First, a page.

The cinematic masters of the thriller-diller, the chop-‘em-up, the anxiety-arouser, the old fashioned spook fest, are indeed legion, ever expanding, and always keeping the creaking door open for any savvy art house director or pulpy filmmaker to step in for a one-timer, and try their hand in entering the ongoing (and perpetual) big screen fear fest. Names get bandied about, names like Polanski, Lewton, Lynch, Raimi, Carpenter, Argento, De Palma, Browning, Whale, Murnau, Romero, Cronenberg, and a whole passel of too-many-to-recount newbies, yet one truly stands above the rest: Alfred Hitchcock.
Hitch is the guy, the king of the fear swing, the cinematic svengali who continually wielded assorted degrees of voyeurism and sadism along with a blanket of Kafkaesque determination, bookending that filmic stew with ever eroding nerve endings and narrative uncertainty, all under the spell heavy duty moral implications, all in the glorious name of both art and commerce. Hitch was one filmmaker who, again and again, achieved a meaningful symbiosis between image, editing, camera movement, plot, character, tone and theme, and did most of it in the name of suspense. Much has been written about the films of Hitchcock, his sublime techniques, and his ability to layer a box office hit with overriding questions of guilt and morality. Hitchcock, with the possible exception of his late effort Frenzy (1972), didn’t do gore, didn’t do guts, and steadfastly refrained from all things Grand Guignol.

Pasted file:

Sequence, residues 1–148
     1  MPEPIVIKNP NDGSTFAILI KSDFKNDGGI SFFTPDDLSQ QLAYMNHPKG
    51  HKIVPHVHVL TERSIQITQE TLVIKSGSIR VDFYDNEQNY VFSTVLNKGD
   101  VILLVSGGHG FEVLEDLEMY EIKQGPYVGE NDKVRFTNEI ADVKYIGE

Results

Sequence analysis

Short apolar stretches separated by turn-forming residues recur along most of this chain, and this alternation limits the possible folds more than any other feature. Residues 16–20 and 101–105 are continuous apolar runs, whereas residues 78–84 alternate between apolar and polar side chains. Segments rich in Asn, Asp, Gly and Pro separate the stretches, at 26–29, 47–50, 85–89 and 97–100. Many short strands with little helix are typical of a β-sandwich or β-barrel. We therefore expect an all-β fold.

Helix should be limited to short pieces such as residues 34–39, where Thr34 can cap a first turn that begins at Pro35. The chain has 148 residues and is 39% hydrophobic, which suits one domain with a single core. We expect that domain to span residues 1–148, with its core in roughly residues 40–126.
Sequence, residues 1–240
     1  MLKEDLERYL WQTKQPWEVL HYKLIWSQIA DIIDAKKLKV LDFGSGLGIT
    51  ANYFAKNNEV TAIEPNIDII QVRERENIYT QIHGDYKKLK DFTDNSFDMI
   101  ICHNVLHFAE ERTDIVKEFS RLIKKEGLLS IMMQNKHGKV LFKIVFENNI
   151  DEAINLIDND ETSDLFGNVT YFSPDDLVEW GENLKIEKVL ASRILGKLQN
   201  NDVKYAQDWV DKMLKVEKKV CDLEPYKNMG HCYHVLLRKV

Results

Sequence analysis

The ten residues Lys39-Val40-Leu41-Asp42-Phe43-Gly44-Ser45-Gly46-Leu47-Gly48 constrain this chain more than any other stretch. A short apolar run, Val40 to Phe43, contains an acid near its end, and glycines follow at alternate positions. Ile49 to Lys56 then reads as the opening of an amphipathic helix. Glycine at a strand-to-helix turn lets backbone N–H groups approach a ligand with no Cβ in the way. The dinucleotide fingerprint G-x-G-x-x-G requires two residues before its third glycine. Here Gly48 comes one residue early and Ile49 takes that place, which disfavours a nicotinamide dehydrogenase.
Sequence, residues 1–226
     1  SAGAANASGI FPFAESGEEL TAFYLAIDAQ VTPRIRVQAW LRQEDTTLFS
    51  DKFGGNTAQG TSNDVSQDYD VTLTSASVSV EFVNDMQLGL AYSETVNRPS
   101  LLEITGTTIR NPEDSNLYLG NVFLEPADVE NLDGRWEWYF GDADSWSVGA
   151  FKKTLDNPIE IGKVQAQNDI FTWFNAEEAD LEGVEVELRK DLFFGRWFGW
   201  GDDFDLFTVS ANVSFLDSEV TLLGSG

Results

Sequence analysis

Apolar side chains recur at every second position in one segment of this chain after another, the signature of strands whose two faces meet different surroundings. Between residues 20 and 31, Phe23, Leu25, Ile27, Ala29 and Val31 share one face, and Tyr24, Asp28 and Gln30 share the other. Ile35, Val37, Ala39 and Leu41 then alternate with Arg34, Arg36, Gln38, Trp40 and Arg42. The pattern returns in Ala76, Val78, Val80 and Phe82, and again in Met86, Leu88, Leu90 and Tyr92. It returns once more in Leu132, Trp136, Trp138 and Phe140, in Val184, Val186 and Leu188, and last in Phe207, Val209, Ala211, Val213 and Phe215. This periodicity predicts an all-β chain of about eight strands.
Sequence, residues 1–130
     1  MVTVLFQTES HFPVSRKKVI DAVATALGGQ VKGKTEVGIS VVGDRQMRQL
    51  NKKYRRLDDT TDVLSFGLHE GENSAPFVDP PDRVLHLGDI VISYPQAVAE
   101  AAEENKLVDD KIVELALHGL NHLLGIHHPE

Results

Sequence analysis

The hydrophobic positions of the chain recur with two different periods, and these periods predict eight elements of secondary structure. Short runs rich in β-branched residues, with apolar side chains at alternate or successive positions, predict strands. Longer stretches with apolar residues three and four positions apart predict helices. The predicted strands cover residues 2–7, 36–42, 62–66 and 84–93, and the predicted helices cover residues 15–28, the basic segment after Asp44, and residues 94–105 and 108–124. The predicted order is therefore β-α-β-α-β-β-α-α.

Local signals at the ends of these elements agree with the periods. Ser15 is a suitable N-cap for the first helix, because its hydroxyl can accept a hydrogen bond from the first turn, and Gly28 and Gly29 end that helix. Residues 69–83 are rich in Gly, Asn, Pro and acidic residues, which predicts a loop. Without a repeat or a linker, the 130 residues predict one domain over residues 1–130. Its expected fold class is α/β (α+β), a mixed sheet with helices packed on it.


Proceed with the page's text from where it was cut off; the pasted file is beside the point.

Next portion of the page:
It was all about the power of suggestion, about the lights and shadows of both the visual palate and, yep, the soul. The ultimate Hitch film, as far as the fear factor goes is 1960’s Psycho. Not enough space allowed to re-sing its many virtues: taut, virtuosic, spine-tingling, exquisitely crafted, suggestive, lurid, flamingly Freudian, plus the cast, the score, the cinematography, the shower sequence. Years later, many would argue that Psycho, because it unleashed the first semblance of unimaginable but almost gleefully delivered overt violence--that knife against that bare skin under that deluge of sprayed water capped off by the black and white image of a splash of blood circling down the drain-- despite its indefensible stamp of artistry, set the dynamics of a whole brave and bold new cinema of unease. Hitch, what has thy wrought?